Women in Ghana driving success
The Houses of Parliament were recently host to a collection of inspirational speakers from Womankind Worldwide’s Ghanaian partners. For everyone involved the evening provided an invaluable insight into the work being carried out in Ghana, and as a new volunteer this was an unforgettable opportunity to hear, first hand, how our work in the office translates into life-changing work on the ground.
Continued development in Ghana is essential
Sue Basset from the government’s Department for International Development (DFID), explained Britain’s support for women’s rights campaigning in Ghana as both a moral obligation and within the realms of national interest. She set out DFID’s ‘Strategic Vision for Girls and Women’ (download PDF), a programme which, among many things, moves to obtain economic assets for girls and delay first pregnancies. Ghana, she said, is proof that development works; it is on track to halve poverty by 2015. Nonetheless, Basset said there remains a ‘development gap’ between the North and the South of Ghana and, as also noted by Margaret Brew-Ward of Gender Centre, economic development does not eliminate gender discrimination. Continued work in Ghana is indeed essential. In line with this, DFID aims to further reduce poverty and bridge the ‘development gap’, with specific targets such as the creation of 144,000 jobs in the North, a third reserved for women. We are reminded that whilst DIFID’s ambitions are high, there is a constant need to engage with decision-makers and develop work; ambition alone is not enough.
Changing laws is not enough
Next, Margaret Brew-Ward of women’s rights group Gender Studies and Human Rights Documentation Centre (Gender Centre), turned to the risks girls face regarding the HIV and AIDS infection, drawing on cultural traditions and the link to violence. Margaret spoke of the “enormous support” Womankind has provided, both financially and technically, in helping them instigate change on a national, district and community level.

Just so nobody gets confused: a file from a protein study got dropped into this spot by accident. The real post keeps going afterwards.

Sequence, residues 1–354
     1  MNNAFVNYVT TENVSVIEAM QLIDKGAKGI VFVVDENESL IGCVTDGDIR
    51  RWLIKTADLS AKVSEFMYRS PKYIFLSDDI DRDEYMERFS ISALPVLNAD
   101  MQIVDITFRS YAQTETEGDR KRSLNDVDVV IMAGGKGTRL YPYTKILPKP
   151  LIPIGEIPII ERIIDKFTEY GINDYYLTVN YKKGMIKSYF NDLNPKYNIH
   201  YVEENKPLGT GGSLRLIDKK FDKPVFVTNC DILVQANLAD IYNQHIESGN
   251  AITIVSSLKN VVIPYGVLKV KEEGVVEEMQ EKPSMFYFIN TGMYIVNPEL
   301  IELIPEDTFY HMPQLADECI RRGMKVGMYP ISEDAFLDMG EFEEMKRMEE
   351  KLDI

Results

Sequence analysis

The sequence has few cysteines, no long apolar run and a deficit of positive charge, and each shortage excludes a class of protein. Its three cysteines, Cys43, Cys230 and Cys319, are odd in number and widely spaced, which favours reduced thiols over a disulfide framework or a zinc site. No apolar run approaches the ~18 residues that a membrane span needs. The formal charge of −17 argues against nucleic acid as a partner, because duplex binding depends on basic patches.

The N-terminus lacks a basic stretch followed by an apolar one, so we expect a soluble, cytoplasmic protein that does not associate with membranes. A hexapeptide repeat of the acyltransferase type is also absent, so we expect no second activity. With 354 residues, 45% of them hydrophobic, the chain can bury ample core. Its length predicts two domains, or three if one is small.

Gender Centre’s community education programmes perform the vital task of raising awareness about domestic violence in Ghana – particularly striking was her revelation that until recently women wouldn’t even attend community meetings. This shows that changing laws is not enough, she said; cultural attitudes much shift too. Consequently, while the passage of the Domestic Violence Act 2007 is a fantastic step, of equal importance is the work being done locally.
Margaret described groundbreaking achievements in the North where, for example, five communities have seen the eradication of widowhood inheritance and women have even become chiefs. When coupled with changes on a national and district level, an uplifting picture is painted. However, whilst achievements must be celebrated one cannot shy away from the challenges that remain and, as Margaret highlighted, changing attitudes takes a long time and so continued support is vital.
Women know politics
Another challenge, as discussed by Bernice Sam from NGO Women in Law and Development in Africa (WiLDAf), is getting more women into politics. Currently, a mere 19 out of 230 MP’s in Ghana are women. These are alarming figures, in terms of both political and other rights; there is a correlation between women participating in politics and social issues, such as education, being addressed. Bernice spoke of a ‘gender language’ that comes from increased female political participation, resulting in laws that lift women out of poverty.
WiLDAf’s campaign, ‘We Know Politics’, is a brilliant initiative tackling an array of issues, from encouraging female political participation to questioning whether aid is effectively being used to help women locally. As a result, ‘women in politics’ is now something of a Ghanaian buzz-word, a great confidence-booster for women. Space within local assemblies to discuss gender concerns has increasingly opened up. Bernice described it as “heart-warming” to see the change in men who now take women seriously when they talk.
Nonetheless, the 2008 election saw a drop in female parliamentarians from 25 to 19, despite the signing of numerous charters. There is therefore an obvious need to translate rhetoric into action. So, to the future: Bernice, along with the rest of us, has her fingers crossed for the 2012 elections and hopes to see some of the local achievements translated onto the national stage. For this to happen more districts must be reached, requiring more staff, more funds and, overall, more support.
This was an engaging and uplifting evening, highlighting both the tremendous changes achieved in recent years with the help of Womankind Worldwide, whilst also learning about the challenges that remain and what can be done to overcome them. I eagerly await the next event with Womankind’s partners.
- Find out more about our partners’ work in Ghana
- Watch our short film about Ghana, featuring Sandi Toksvig
- Make a donation today to help us continue supporting the work of Amasachina and other organisations